I was urged by some during my tenure with CUF to distance myself from CUF’s past, to make a fresh start. Appealing as that sounded at times, in the end it would have been a treacherous act of disloyalty. It would have done a grave injustice to the heroic CUF members who did their best to “hold on,” to follow Christ’s vicar on earth and pass the torch to the next generation.

“CUF” does not stand for Catholics United “against the Faithless” or “against the Fornicators.” Rather, it stands for Catholics united “for the Faith.”  And isn’t that what all Catholics in Northeast Kansas desire–to help all men and women achieve true, lasting unity by discovering or rediscovering the pearl of great price?

Emboldened with a new ardor, and armed with new methods and expressions, let us embrace the new evangelization as the great work of the Holy Spirit in our time!

My Journey from Pro-Choice to Pro-Life

29 Aug

CuomoWhen I returned to the Church in 1984, it wasn’t as though a decade of unchecked sinful habits and behaviors fell by the wayside.

The mighty struggle to replace vice with virtue continues to this day. After all, “denying myself” and “turning the other cheek” don’t come naturally.

I also had to convert on intellectual matters. I was fresh out of law school and something of a constitutional law scholar, having sharpened my legal teeth on Roe v. Wade jurisprudence. That year, New York Governor Mario Cuomo, the poster child of “I’m personally opposed, but” politics, captured my imagination with a stirring keynote address at the Democratic National Convention.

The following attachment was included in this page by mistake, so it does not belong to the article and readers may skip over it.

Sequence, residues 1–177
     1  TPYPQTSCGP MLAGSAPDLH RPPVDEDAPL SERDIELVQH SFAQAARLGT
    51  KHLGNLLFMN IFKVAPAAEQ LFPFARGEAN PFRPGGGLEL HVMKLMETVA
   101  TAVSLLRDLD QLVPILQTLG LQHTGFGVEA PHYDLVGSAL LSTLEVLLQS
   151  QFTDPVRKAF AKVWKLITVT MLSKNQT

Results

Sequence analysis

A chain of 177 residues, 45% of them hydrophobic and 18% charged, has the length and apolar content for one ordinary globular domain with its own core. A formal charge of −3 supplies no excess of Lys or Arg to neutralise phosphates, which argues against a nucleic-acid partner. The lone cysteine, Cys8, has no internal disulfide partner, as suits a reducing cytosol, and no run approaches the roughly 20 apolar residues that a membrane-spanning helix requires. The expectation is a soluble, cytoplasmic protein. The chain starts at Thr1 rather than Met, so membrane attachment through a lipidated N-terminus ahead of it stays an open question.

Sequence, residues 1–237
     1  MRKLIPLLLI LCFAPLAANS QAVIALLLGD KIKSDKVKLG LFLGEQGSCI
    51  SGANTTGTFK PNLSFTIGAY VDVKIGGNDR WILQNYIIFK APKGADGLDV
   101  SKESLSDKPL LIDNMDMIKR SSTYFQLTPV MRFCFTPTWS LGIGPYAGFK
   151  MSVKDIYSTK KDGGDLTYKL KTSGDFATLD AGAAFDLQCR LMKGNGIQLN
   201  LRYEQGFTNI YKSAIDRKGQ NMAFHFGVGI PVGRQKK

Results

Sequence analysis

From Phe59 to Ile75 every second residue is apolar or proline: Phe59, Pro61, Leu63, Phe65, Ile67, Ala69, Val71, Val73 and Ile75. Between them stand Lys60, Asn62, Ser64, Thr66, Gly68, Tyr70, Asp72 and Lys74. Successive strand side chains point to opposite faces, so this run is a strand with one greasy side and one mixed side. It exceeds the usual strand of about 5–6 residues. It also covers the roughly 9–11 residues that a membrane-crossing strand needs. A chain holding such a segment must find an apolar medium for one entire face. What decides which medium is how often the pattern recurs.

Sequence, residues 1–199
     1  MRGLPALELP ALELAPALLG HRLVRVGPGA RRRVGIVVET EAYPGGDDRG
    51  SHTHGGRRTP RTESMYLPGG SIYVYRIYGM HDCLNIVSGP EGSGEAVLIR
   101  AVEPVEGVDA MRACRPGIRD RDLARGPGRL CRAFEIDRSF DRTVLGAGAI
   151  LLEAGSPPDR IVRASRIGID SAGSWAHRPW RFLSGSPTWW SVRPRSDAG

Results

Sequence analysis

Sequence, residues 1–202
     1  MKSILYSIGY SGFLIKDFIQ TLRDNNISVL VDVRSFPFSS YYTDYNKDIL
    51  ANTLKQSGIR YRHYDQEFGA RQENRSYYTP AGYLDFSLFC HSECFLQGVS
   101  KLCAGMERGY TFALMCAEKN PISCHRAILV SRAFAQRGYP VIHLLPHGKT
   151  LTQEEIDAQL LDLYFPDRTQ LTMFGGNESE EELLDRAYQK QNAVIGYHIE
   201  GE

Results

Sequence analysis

So, when I first came back to the Church, I brought my pro-choice ideology with me.

Of course, I was “personally opposed”–so much so that, even then, I would have gladly adopted a child rather than see him or her aborted.

But I wasn’t where I needed to be in terms of fully accepting the Church’s coherent pro-life ethic. It took a year of prayer, study, and conversations with friends before I realized that I needed to repent and do penance for my dissident views.

Recent Popes have emphasized that the current age is characterized not by a “crisis of charity,” but even more by a “crisis of faith.” That’s why Pope Benedict called an entire “Year of Faith.” We never hear about sins against faith, but if indeed we’re living through such a crisis, it stands to reason that sins against faith happen–and happen frequently.

When it comes to sins against charity, we’re usually able to come up with an excuse (e.g., “I was just letting off steam,” “My boss is a jerk,” “He shouldn’t have criticized my work,” “I didn’t think she’d take it personally”). At the end of the day, though, I think we all admit to sinning fairly regularly against charity. We realize that we hurt somebody, and so we try to reconcile as best we can with God and neighbor. Surely there are plenty of sins against charity to go around these days, and we do well to use a “charity scorecard” when examining our consciences.

On the other hand, sins against faith are seemingly “victimless” sins. Not only that, it takes a rare humility today to admit that we’re wrong about anything. And when it comes to religious convictions–true, false, or just plain weird–our society takes a “to each his own” approach.

Thus, in many Catholic circles today, rejection of Church teaching brings into play many fancy concepts, such as diversity, tolerance, plurality, lived experience, and primacy of “conscience.” But no mention of sin.